Off-roading is all about compromise, a process that segment stalwarts like Can-Am and Polaris know all too well. The tougher you build a UTV, strengthening its components by adding reinforcement, the heavier it tends to get. And in the entry-level 1,000 cc UTV class, where horsepower figures only range from just above 100 hp to 150 hp, every pound counts. Up until now, the major school of thought has leaned in favor of speed and agility, but with the release of the Kawasaki Teryx KRX 1000, it looks like the new kid is skipping that class and going against the grain.
If you think Honda took its sweet time getting into the sport UTV segment, then Kawasaki downright dragged its feet by comparison. The sportier side of side-by-sides is a segment witnessing constant growth, and to see a giant like Kawasaki delay its entry (while Polaris and Can-Am figure out how to dominate it) raises a few eyebrows. However, like Honda, Kawasaki was biding its time researching, developing and refining the Teryx KRX into a machine worthy of the family name. But did it pay off?
As the last major player to step into the ring, Kawasaki needed something special to stand out. At first glance, however, the Kawasaki looked lackluster. Chief among the worrying stats is the curb weight, which is a cringe-inducing 1,896 pounds—400 pounds heavier than its closest competitor from Honda. Considering that kind of heft, and only a claimed 112 hp from a 999 cc parallel-twin engine, I at first wondered why Kawasaki even bothered at all. It’s not until I got out on the trails and put the Teryx KRX through its paces that the method to Kawasaki’s madness revealed itself.
All that extra weight? It’s not careless overengineering. Kawasaki set out to make the KRX bombproof and did so by making traditional weak points beefier and noticeably more robust than the competition.
Full-length steel skid plates, a steel driver’s side wheel well, plus metal sleeves for the rear suspension, thicker A-arms and massive trailing arms are just some of the more visible components Kawasaki bolted on to extend the life of the KRX. The choice of stock wheels and stock tires weren’t taken lightly either, seeing as how the KRX gets 15-inch beadlock rims wrapped in 30-inch Maxxis Carnivore tires. But how does that extra steel reinforcement affect the KRX once you get moving? Not in the way you’d expect.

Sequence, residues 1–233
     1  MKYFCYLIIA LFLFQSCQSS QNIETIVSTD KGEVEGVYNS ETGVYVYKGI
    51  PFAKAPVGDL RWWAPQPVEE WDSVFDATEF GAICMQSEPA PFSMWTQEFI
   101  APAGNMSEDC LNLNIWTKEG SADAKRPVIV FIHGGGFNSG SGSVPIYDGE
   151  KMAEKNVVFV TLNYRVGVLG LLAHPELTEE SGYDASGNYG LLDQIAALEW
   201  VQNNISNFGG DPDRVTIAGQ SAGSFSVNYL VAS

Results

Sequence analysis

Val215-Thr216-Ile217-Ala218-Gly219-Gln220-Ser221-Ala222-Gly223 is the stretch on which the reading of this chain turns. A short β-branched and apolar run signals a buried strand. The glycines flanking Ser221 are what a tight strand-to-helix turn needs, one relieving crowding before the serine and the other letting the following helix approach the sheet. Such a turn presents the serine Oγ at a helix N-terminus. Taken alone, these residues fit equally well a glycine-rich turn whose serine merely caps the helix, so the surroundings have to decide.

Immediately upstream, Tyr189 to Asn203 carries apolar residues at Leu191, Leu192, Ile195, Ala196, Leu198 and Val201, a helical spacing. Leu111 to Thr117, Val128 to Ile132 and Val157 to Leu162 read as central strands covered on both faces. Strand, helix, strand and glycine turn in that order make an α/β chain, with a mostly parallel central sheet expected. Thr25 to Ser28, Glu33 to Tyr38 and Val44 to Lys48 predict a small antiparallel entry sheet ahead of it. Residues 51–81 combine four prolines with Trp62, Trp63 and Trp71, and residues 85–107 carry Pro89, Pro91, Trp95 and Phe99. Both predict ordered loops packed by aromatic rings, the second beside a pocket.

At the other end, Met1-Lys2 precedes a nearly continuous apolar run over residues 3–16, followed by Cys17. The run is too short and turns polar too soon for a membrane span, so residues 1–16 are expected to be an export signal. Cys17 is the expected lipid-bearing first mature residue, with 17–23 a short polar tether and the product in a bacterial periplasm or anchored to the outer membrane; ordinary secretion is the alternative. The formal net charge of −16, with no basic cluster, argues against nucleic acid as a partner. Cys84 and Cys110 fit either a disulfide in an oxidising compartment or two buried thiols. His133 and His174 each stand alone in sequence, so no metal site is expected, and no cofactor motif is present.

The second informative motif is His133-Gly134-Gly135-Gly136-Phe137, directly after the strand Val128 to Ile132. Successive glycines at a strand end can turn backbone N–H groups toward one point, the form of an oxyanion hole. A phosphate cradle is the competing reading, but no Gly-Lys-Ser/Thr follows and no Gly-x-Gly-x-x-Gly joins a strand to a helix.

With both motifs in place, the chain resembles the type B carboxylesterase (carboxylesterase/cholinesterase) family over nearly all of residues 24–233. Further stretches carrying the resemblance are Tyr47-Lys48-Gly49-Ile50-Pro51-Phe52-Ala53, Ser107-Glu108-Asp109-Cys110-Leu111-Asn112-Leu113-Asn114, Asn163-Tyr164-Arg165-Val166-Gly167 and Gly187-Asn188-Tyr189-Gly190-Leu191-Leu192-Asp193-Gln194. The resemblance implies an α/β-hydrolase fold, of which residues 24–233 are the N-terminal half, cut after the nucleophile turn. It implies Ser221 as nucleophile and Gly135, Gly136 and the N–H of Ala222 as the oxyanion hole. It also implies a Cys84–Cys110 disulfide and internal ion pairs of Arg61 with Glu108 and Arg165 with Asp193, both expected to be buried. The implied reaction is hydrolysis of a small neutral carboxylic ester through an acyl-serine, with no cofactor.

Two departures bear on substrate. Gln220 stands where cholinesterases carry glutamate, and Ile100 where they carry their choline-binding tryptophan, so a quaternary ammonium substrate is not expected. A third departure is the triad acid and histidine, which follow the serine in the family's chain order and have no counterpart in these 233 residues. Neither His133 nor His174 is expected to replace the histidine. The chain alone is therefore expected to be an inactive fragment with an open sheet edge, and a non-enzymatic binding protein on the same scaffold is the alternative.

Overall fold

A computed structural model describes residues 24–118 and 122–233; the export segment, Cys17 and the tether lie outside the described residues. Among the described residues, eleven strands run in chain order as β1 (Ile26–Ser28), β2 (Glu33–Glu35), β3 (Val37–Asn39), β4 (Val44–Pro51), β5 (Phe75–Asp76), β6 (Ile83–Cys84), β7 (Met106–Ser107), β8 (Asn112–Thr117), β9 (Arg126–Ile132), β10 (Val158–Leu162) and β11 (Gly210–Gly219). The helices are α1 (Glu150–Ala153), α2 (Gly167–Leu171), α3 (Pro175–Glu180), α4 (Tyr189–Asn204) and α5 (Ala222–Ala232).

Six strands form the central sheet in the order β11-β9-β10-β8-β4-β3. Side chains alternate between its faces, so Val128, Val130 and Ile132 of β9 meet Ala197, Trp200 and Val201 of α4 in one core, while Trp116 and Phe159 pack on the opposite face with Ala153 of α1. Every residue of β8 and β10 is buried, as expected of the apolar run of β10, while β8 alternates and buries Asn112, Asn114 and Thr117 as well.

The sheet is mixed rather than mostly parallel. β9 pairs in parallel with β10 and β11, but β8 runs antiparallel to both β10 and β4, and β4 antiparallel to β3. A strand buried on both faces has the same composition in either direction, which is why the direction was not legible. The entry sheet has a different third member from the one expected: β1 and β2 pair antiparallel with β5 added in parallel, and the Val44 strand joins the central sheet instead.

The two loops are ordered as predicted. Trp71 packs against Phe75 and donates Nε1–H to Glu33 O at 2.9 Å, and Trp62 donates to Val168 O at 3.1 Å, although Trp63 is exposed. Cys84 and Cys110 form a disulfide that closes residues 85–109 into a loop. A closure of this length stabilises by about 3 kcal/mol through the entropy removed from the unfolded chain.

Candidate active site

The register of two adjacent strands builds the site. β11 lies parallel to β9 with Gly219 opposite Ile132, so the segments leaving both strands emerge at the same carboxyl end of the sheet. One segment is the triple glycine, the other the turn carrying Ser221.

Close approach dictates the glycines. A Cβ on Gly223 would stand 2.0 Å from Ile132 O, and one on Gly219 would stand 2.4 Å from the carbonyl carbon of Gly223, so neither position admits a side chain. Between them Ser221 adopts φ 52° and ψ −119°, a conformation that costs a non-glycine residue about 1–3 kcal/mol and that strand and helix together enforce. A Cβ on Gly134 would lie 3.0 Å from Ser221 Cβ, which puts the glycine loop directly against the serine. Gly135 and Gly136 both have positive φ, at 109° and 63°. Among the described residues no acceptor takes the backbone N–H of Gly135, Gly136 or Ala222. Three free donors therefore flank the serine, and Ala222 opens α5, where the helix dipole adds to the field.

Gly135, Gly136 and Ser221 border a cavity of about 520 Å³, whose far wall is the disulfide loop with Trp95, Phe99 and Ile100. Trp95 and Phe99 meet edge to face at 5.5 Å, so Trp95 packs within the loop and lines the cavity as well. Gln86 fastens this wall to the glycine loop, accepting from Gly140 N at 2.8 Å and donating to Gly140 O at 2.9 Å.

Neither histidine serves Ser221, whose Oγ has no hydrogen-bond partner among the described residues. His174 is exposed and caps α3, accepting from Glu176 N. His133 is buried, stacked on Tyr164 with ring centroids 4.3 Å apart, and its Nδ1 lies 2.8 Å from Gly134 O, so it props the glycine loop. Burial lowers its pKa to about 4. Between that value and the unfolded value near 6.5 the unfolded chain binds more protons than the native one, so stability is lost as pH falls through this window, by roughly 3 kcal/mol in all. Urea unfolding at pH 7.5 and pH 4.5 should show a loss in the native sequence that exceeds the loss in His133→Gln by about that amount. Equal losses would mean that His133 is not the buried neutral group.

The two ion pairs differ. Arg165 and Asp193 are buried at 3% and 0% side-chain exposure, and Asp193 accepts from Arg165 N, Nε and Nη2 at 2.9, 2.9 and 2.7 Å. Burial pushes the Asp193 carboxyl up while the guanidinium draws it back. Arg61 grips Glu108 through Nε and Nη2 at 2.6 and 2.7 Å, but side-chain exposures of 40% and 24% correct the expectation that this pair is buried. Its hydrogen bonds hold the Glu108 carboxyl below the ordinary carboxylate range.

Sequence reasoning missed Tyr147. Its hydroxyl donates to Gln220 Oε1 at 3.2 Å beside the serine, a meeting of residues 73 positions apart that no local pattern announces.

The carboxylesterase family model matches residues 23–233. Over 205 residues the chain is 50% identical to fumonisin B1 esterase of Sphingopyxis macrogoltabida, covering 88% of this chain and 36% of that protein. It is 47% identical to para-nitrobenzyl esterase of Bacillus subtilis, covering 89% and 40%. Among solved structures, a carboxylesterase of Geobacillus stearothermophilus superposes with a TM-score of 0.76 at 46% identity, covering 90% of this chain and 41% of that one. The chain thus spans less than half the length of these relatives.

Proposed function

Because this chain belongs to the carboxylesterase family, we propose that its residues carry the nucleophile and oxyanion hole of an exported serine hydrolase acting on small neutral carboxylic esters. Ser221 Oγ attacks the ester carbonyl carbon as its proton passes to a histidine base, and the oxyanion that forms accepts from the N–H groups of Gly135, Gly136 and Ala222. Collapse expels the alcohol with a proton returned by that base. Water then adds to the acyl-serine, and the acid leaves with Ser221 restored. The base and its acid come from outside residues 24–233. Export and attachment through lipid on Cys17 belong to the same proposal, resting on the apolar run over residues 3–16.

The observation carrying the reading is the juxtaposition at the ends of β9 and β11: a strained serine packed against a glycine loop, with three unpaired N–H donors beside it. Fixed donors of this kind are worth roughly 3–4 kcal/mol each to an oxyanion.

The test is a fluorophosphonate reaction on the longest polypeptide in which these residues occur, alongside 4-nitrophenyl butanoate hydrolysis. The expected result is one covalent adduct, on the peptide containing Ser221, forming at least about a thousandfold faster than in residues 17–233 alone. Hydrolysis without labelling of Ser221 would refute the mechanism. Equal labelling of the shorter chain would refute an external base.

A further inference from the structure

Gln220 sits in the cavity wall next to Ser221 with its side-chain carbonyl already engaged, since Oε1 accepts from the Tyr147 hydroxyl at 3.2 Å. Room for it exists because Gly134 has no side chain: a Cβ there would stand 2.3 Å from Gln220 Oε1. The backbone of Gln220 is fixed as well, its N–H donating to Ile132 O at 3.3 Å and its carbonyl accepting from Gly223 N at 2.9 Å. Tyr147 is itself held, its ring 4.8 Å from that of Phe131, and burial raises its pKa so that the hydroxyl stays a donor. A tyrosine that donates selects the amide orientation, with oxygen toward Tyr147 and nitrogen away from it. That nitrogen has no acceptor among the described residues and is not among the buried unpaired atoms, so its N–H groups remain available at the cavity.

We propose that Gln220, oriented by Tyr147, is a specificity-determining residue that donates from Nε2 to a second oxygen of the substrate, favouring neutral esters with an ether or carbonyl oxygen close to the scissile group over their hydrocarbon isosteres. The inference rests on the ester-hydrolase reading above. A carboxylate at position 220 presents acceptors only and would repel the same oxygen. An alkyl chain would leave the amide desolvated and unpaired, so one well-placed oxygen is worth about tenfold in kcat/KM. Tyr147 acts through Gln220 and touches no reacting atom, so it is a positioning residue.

Kawasaki didn’t build the quickest UTV but they did tune the torque curve to come on lower in the rev range in order to curb some of the extra weight the KRX carries around. And the brand didn’t fit the KRX with bigger brakes (which would’ve added even more weight), It tuned the brakes and engine braking system to be more dynamic. At high speeds, the engine braking management system hardly intrudes, mitigating any choppy throttle inputs, but the slower you get, the more aggressive it gets. And, at the same time, brake bias shifts towards the rear, affording more stability.
Just outside of Palm Springs, Calif., the manufacturer set up a course feature a wide array of different natural features to flog the KRX. And bombing down the long straightaway, coming to a sharp left-hander followed by a tighter uphill right turn into a rock garden was all that I needed to experience the best and worst of this vehicle.
Hopping on the brakes, assisted by the aggressively tuned engine braking system after a full-speed sprint, brought the KRX down to almost a standstill quicker than anything that weight would be expected to. I got the feeling that there would be no chance of making any turn unless the Kawasaki didn’t utilize the engine braking as much as it does, but either way, the stopping power is beyond belief.
Then, just when the brute started to impress, I made my way around the left-hander, feeding the throttle in fairly aggressively, and the front end pushed wide. In medium-speed corners, the KRX would consistently understeer on exit. Locking the front differential in 4WD seemed to mitigate the issue, but a washy front end is rarely a problem with other UTVs, especially on the throttle, on corner exit.
Once the KRX was pointed up the next right-hander, however, and tractoring through the rock garden, it was in its element. With the front differential locked, and armed with those massive Maxxis Carnivore tires, the KRX crawled through effortlessly and felt bombproof. Whether I was hammering it over whoops, sliding through gravel, or inching down a boulder field with a 45-degree incline, I didn’t feel the KRX get pushed around by the terrain. It may be the heaviest UTV in its class, but that weight brings structural confidence.
The last of the big players expected to join this battle, Kawasaki waited to learn the weaknesses of the opposition, then brought a straight-up tank to the fight.